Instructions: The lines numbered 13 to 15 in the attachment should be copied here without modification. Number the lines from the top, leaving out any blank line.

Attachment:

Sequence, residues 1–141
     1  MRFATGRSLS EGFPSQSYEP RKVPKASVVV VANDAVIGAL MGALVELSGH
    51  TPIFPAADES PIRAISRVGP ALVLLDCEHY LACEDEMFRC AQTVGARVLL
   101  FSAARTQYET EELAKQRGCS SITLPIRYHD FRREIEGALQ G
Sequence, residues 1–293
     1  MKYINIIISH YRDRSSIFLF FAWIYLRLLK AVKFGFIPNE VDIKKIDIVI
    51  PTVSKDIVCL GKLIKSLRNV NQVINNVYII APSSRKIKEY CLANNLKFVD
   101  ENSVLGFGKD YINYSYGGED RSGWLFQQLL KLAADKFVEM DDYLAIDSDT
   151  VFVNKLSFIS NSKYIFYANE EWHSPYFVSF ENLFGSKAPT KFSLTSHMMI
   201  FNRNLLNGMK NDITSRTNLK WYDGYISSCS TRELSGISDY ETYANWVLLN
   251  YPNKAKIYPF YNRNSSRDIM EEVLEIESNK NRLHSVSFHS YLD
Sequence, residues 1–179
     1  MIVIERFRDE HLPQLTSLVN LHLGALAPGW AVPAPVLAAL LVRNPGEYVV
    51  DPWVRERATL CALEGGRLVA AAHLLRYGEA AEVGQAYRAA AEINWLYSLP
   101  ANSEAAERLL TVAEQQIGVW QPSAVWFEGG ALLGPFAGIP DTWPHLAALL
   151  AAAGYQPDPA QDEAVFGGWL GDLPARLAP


     1  MIVIERFRDE HLPQLTSLVN LHLGALAPGW AVPAPVLAAL LVRNPGEYVV
    51  DPWVRERATL CALEGGRLVA AAHLLRYGEA AEVGQAYRAA AEINWLYSLP
   101  ANSEAAERLL TVAEQQIGVW QPSAVWFEGG ALLGPFAGIP DTWPHLAALL